Beam Me Up, CoMo

This summer, immerse yourself in the impassive impressiveness that is the universe … from your own backyard or by visiting a local observatory. Barring cloudy nights, the sky is always open and available to everyone for stargazing. To boost understanding of your backyard view, take advantage of the astronomical opportunities Columbia and mid-Missouri have to offer.

Founded in 1949 by a group of professors from the University of Missouri, Central Methodist University  in Fayette and Missouri Valley College in Marshall, the Central Missouri Astronomical Association aims to promote astronomy — and science in general — with the public, says Val Germann, who taught astronomy at Columbia College for almost 20 years and is now the treasurer of CMAA. “Our aim is to show the beauty of the night sky and how the science of astronomy increases our appreciation of what we can see, with both the naked eye and a telescope. Astronomy is the one natural science that offers the public the same ‘laboratory’ as the professionals: the sky itself.”

“While our telescopes may not be as large as the professionals,’ ” Germann says, “we view the same sky. Over time, many beautiful and amazing sights are available to everyone and we want to have as many people as possible see them.”

The association operates three observatories across mid-Missouri: Laws Observatory at the University of Missouri, Morrison Observatory at Central Methodist in Fayette and the association’s own Wildhaven Observatory, located north of Columbia.

Laws Observatory, atop the University of Missouri’s Astronomy and Physics Building, is home to a 16-foot Celestron Schmidt-Cassagrain telescope plus an 11-inch noncomputerized telescope and 6-inch computerized telescope. Laws Observatory is open every clear Wednesday night in June from 8 to 10 p.m., and most Wednesday nights during the year — which ends up being about 40 times a year, Germann says. On Saturday June 15, Laws will be open from 8 to 10 p.m.

CMAA helps to open Morrison Observatory in Fayette 12 times a year. At Morrison, visitors can enjoy a 17-foot Alvin Clark reflector telescope that was made in the late 1800s. Morrison, located at 700 Park Road, next to Fayette City Park, offers an Old World stargazing experience.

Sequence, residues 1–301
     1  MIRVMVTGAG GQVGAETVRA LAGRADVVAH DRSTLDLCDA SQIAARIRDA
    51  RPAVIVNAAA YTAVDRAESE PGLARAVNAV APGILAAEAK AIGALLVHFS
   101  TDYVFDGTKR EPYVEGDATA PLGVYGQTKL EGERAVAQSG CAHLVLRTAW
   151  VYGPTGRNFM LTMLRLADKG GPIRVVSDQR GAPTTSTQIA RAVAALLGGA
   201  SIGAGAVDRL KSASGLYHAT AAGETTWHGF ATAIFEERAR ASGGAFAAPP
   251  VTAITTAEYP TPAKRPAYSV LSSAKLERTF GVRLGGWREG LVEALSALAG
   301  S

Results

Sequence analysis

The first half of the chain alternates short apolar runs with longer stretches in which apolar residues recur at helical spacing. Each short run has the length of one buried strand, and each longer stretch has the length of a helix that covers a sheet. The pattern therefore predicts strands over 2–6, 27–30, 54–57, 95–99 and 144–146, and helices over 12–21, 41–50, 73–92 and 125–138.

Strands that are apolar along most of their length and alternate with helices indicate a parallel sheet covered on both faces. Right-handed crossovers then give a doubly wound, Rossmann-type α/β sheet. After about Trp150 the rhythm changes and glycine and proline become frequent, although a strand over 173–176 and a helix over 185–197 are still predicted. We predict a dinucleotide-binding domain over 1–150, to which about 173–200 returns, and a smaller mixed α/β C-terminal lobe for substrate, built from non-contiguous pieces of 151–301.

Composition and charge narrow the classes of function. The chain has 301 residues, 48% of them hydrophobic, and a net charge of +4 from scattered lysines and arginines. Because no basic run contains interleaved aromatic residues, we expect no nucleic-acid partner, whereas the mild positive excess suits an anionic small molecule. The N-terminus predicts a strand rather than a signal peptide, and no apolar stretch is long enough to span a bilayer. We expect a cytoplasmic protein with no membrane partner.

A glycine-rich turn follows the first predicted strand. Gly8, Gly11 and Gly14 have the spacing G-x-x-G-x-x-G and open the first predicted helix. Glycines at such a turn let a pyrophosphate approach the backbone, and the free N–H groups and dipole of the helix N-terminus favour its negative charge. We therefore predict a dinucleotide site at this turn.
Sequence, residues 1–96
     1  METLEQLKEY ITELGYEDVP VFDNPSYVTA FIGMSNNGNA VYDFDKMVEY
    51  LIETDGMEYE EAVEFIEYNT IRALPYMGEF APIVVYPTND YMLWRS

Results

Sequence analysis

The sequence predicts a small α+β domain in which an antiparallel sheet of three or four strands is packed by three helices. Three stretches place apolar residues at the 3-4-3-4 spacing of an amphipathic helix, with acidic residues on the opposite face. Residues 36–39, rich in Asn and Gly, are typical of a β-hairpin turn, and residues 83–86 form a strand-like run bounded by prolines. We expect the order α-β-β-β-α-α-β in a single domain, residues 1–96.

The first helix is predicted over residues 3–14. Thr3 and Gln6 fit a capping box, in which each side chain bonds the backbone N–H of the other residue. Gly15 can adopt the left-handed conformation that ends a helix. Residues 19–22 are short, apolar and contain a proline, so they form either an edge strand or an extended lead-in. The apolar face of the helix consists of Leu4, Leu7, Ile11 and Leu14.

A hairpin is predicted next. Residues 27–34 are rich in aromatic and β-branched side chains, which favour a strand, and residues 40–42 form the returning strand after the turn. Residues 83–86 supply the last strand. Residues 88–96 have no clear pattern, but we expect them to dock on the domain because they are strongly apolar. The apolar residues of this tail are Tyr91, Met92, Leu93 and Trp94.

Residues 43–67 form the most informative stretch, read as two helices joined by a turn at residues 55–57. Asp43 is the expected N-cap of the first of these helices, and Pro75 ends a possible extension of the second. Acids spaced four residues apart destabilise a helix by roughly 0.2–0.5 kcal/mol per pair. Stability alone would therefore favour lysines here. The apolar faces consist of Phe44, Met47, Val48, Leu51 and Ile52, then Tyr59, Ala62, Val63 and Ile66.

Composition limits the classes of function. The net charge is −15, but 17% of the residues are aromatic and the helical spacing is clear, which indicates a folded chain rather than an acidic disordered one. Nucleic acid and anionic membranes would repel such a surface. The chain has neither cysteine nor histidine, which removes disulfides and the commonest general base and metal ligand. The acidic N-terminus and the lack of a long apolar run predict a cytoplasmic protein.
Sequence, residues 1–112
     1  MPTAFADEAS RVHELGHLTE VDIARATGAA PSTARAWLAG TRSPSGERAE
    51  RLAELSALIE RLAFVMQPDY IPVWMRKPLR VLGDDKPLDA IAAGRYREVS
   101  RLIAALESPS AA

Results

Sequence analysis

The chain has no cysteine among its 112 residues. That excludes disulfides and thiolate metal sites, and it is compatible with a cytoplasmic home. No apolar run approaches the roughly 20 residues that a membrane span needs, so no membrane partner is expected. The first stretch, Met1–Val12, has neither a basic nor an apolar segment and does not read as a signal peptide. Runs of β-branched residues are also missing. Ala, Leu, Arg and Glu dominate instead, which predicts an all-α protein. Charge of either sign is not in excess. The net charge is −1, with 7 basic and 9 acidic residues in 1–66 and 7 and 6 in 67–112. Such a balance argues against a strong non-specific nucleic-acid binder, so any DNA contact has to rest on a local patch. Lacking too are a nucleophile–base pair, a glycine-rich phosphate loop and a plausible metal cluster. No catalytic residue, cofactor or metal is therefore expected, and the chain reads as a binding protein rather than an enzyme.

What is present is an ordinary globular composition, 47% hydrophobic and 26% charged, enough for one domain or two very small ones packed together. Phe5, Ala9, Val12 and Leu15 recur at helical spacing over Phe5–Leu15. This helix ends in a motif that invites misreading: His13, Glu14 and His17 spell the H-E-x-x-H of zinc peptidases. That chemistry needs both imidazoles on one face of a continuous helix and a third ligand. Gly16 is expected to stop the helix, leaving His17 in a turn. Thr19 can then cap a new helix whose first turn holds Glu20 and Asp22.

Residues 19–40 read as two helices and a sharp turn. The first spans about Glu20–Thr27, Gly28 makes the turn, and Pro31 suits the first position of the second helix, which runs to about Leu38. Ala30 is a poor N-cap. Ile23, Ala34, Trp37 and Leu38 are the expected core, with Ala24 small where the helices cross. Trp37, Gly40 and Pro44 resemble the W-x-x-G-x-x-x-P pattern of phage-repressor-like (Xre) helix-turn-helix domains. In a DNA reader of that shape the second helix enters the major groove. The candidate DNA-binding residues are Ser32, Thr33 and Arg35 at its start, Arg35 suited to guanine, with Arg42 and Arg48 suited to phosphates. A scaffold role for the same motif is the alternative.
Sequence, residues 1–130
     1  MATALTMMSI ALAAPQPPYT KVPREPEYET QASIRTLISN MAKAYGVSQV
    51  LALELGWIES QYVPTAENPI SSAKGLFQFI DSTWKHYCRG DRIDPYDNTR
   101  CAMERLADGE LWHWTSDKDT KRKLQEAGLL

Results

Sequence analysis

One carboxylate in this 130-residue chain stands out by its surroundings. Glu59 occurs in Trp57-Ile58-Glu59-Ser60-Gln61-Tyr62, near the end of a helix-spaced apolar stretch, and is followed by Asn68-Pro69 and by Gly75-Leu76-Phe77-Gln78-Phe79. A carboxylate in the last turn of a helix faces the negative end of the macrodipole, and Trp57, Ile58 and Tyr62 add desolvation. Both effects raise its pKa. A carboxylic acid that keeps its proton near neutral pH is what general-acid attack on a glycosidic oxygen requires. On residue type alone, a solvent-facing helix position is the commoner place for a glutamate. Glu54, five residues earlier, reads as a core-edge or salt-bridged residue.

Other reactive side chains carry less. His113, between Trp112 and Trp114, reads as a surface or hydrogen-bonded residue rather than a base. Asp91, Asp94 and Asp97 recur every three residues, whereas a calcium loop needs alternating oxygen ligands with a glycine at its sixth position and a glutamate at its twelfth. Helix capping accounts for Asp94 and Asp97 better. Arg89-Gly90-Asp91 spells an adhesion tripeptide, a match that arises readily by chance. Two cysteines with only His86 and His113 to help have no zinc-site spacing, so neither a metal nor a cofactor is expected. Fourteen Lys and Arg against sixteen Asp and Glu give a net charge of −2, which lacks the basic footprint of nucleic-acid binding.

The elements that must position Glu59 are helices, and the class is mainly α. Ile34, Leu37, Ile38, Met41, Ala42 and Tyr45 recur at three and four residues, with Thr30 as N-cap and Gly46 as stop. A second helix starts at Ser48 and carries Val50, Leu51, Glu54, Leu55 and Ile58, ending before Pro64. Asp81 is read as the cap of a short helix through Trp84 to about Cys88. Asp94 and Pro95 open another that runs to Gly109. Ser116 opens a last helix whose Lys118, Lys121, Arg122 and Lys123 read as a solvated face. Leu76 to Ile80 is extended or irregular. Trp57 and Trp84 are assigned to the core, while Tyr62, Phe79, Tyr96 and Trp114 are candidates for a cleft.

Wildhaven Observatory is located between Columbia and Hallsville off of O’Rear Road, and features a 12-foot Merz and Mahler telescope made in 1847. It is open to the public several times a year, depending on which astronomical events are taking place. When a particularly interesting astronomical event is at hand, such as the recent Comet, PanSTARRS, or this summer’s Perseids meteor shower, CMAA holds special viewing sessions, Germann says.

CMAA members operate the observatories, and are also available during public hours to guide guests through their visits, answering any questions that may come up. And there are a lot of surprises for stargazers to see. The clarity and detail with which you can see the moon and planets through the available telescopes amazes people, Germann says. When the International Space Station flies overhead, you can see it with the naked eye, but more clearly with the aid of a telescope.

For more information about the Central Missouri Astronomical Association, and the three observatories, please visit

Looking for a more immersive space exploration experience? Columbia Aeronautics and Space Association is the largest student run space simulation program in the nation — and it’s housed right here in Columbia at Hickman High School. This summer, CASA has two fun events scheduled to engage youth space explorers. Student members of CASA will run two days of the 2013 Cub Scout Day Camp in Stephens Lake Park, on June 6 and 7. This year’s camp theme is Cub Scout Space Adventure. Then, from July 8 to July 12, fifth and eighth graders are invited to CASA’s Summer Space Camp. Campers will learn about some of the systems CASA uses to conduct simulations, such as energy power, thermal control or life support. Campers will also enjoy fun activities such as making and shooting off bottle rockets, building and flying hot air balloons, etc. Up, up and away!

For more information, please visit

central Missouri Astronomical Associationcollege/universityColumbia Aeronautics and Space AssociationVal Germann
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